4. Spend time researching the chemicals in ALL my makeup products and research eco-friendly, healthier alternatives.
  5. Spend time researching the chemicals in all of our beauty products (hair sprays, lotions, shampoos, etc.), research eco-friendly, healthier alternatives and compile a list for future purchases.
  6. Begin making my own deoderant!
  7. Invest in glass tuperware and recycle all of the plastic ones we have. $$
  8. Buy new, BPA-free water bottles (a few of them) and commit to never buying a plastic bottled water bottle again.
  9. Replace all Teflon pans with stainless steel or copper-coated pans. $$$
  10. Toss every product that has triclosan and replace with healthier alternative.
  11. Buy spray bottles and begin making my own cleaners, ditching the heavy chemical products found in stores.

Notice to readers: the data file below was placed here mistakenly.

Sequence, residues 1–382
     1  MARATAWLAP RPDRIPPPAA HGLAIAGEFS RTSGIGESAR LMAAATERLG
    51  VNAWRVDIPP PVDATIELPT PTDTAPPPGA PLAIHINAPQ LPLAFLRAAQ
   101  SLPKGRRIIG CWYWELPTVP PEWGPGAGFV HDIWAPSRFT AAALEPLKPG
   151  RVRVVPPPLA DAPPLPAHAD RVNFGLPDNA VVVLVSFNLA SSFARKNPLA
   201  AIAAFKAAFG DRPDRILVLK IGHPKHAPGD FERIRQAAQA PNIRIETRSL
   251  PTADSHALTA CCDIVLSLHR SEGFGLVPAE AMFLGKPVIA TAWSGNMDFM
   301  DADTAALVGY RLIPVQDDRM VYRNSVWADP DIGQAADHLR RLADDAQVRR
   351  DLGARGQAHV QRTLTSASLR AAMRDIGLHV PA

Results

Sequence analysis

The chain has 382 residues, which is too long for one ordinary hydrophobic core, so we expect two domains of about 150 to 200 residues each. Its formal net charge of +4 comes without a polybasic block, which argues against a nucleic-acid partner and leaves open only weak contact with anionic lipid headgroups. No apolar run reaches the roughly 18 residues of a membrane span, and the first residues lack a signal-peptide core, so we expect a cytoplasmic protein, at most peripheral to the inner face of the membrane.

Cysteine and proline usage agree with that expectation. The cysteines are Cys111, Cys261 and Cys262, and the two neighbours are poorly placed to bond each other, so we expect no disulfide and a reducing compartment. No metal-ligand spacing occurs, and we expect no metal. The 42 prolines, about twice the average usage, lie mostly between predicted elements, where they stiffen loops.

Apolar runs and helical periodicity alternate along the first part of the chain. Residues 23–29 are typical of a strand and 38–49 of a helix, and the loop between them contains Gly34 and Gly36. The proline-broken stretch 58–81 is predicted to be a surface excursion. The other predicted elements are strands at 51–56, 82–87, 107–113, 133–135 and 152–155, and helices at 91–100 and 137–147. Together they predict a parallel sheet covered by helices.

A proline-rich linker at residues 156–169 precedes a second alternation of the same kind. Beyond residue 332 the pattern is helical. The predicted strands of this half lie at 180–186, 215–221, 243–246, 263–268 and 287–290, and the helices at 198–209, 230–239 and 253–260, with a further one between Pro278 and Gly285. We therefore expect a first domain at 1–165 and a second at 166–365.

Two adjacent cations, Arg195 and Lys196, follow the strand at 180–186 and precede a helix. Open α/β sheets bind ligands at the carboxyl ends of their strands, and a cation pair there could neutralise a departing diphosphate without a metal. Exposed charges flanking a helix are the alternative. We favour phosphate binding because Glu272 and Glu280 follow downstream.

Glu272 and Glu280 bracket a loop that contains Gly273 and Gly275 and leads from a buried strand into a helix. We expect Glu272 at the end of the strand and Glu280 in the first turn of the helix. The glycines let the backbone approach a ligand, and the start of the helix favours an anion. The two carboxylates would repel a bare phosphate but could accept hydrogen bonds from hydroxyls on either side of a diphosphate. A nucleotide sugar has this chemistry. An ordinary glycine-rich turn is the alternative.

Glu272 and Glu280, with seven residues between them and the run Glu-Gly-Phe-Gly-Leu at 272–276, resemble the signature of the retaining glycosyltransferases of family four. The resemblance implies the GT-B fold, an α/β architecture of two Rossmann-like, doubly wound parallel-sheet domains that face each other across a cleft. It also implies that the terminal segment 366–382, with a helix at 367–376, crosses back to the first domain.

12. Spend time learning about seasonal farming, and committing myself to only purchasing food that is in-season.
  13. Clear pantry and stop buying any foods with synthetic preservatives or coloring.
  14. Invest in indoor plants for every room. $$
  15. I love candles BUT I don’t like that many contain dangerous chemicals. Research beeswax or soy-based alternatives.
  16. Research safe, eco-friendly, at-home dry cleaning alternatives.
  17. Switch to a biodegradable, fragrance-free, non-toxic detergent for clothes.
  18. Educate myself on the proper way to dispose of things such as batteries and toxic waste so I do so in the future.
  19. Find a more eco-friendly, healthful option to plastic wrap, ziplocks and foil.